Some Thoughts on Patriotism this Fourth
Wendell Berry had much to say about the nature of true patriotism. The following quote is but a small sampling:
For a nation to be, in the truest sense, patriotic, its citizens must love their land with a knowing, intelligent, sustaining, and protective love. They must not, for any price, destroy its health, its beauty, or its productivity. And they must not allow their patriotism to be degraded to a mere loyalty to symbols or any present set of officials.
On July 4th, I often think back to a conversation I overheard as a young boy. My mother and her brother-in-law, my favorite uncle, were drinking coffee in the kitchen of our old house. My uncle was a career Navy man who fought in three wars, circumnavigated the globe four times, and was, to my great pleasure, the fount of endless stories. His life revolved around commitment, duty, honor and service. It must’ve been around the Fourth and he was expounding on such themes. When he referenced the flag, my mother replied, matter-of-factly, that “it was just a piece of cloth.” She was blunt and plain-spoken, without an ounce of artifice to her. I suppose one of her virtues was that she said exactly what she thought. But it was also her vice. This flabbergasted my uncle and left him almost sputtering for a response. Truth be told, he was a little put out with her. And so was I, for although I loved my mother, of course, I idolized my uncle.
We were not patriotic in the generally accepted sense of the word. We never flew the flag. We didn’t pop fireworks (a waste of money). We didn’t pontificate about “freedom,” or “liberty” or “democracy” or such things. The Fourth of July was a day off from work (unless we had hay on the ground and it was threatening rain). My mother would fix quite a spread: fried chicken, mashed potatoes, corn on the cob, her special rolls, fresh tomatoes, okra, peas, etc., and a selection of desserts. My dad and I would be in the carport, taking turns with the ice cream freezer. My sister and her family and my brother and his children would pile in. My dad would be in an expansive mood and would tell the old familiar stories from his youth. As often as not, neighbors or extended family stopped by for dessert and coffee. That was what the Fourth of July meant to us: our place, our family, our neighborhood and extended connections. We would have been uneasy had anyone tried to make more out it than that.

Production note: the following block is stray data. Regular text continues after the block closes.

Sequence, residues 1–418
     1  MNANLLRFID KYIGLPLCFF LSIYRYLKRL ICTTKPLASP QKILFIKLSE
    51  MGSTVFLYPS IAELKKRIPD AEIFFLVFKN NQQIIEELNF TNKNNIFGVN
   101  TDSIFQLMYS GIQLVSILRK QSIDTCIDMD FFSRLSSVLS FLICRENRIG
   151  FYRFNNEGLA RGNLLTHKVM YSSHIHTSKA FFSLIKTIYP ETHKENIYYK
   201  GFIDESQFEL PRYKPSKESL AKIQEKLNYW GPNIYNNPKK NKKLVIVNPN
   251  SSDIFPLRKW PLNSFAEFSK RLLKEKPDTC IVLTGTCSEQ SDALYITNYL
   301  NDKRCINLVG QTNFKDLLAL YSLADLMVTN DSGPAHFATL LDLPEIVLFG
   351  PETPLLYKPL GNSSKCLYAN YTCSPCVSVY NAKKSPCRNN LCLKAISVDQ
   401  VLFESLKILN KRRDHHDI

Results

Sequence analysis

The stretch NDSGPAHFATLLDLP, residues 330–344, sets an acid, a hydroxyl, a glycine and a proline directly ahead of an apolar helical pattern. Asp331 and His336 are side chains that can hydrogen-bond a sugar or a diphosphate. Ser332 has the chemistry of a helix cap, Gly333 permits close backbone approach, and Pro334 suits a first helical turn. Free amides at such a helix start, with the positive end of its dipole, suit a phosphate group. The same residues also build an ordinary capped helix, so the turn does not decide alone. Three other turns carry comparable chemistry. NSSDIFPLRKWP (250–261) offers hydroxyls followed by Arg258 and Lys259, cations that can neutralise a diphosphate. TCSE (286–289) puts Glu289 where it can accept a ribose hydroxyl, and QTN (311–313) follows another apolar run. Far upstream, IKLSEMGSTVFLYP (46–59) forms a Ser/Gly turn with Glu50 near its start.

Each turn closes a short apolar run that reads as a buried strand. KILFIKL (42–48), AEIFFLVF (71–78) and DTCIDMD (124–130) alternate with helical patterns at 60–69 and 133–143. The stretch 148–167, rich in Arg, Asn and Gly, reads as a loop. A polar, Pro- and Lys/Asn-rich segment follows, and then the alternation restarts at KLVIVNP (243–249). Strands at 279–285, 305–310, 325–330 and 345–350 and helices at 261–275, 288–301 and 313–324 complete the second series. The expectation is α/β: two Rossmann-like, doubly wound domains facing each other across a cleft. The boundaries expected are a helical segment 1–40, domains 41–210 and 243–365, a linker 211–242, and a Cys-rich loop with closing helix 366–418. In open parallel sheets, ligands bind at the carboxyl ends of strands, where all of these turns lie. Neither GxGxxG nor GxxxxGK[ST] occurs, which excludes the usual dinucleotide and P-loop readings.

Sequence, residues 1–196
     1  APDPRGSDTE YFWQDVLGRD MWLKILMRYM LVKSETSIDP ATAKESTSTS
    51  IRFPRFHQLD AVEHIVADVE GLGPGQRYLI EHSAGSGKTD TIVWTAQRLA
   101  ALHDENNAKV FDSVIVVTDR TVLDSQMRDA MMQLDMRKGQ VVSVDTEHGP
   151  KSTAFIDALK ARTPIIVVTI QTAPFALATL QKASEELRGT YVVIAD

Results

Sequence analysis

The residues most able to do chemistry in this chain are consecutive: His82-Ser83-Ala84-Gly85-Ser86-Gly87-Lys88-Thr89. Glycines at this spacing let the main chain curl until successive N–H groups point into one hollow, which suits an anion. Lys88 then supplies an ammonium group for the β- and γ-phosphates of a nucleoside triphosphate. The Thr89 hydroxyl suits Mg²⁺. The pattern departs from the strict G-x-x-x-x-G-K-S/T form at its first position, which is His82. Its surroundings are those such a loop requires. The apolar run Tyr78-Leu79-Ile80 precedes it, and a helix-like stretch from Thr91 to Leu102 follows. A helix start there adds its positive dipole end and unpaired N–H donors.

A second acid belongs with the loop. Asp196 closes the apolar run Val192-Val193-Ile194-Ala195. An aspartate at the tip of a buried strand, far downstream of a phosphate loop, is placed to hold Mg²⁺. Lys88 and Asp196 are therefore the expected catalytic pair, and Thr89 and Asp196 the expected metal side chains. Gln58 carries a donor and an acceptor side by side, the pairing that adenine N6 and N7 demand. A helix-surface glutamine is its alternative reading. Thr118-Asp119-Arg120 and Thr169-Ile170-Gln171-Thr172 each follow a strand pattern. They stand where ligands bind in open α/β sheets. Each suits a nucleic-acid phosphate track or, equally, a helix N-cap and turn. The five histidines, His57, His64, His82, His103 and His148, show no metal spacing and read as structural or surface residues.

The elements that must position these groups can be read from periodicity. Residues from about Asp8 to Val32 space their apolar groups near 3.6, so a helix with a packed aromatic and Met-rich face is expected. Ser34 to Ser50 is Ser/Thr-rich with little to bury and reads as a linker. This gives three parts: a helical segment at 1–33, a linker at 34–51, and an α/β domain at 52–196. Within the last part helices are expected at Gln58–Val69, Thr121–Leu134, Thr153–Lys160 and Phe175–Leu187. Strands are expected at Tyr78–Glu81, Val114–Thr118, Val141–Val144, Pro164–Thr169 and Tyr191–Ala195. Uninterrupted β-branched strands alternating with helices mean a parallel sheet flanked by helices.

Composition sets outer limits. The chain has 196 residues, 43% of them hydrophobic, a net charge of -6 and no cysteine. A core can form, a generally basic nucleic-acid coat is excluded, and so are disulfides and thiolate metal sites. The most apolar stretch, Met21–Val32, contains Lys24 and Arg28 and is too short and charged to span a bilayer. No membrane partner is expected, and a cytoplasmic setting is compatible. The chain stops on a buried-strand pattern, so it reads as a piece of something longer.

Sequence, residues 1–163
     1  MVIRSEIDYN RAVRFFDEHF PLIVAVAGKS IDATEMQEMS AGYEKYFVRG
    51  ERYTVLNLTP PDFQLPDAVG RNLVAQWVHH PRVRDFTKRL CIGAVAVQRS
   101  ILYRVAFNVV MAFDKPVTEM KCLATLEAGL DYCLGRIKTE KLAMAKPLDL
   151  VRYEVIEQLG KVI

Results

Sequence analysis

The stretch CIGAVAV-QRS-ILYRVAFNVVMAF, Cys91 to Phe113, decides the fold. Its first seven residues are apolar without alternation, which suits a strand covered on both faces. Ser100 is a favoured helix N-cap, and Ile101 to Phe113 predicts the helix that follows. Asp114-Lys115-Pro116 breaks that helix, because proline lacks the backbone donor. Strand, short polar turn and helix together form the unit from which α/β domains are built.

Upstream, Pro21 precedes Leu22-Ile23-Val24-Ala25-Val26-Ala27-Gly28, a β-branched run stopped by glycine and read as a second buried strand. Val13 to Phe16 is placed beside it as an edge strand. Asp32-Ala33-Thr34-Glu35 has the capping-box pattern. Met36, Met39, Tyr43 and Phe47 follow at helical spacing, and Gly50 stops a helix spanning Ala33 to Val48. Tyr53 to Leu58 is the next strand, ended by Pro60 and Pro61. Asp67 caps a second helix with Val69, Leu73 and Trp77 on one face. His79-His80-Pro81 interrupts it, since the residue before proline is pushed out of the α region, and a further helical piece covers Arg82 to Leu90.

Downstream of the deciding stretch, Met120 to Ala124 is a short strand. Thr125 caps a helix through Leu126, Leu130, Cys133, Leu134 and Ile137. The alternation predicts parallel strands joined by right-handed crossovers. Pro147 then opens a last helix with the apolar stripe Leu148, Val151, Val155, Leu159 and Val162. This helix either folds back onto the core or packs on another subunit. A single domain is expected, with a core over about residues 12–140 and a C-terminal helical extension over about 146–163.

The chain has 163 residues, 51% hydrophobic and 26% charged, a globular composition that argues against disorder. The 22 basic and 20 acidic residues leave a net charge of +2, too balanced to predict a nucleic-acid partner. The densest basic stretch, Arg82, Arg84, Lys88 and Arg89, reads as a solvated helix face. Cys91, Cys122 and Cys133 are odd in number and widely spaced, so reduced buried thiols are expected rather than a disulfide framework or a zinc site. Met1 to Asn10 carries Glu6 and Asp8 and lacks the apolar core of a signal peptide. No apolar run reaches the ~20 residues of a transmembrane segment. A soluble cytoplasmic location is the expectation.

I have come to realize that both my mother and my uncle were each right and wrong. She wouldn’t have know Wendell Berry from Adam, but she would have agreed with the sentiments he expressed. My mother’s stark literalism, however, can leave one with a cramped view of the world and our place in it. Material objects may very well have meaning beyond their mere materiality. Their symbolism, however, cannot be in the abstract, but must be rooted in the particular.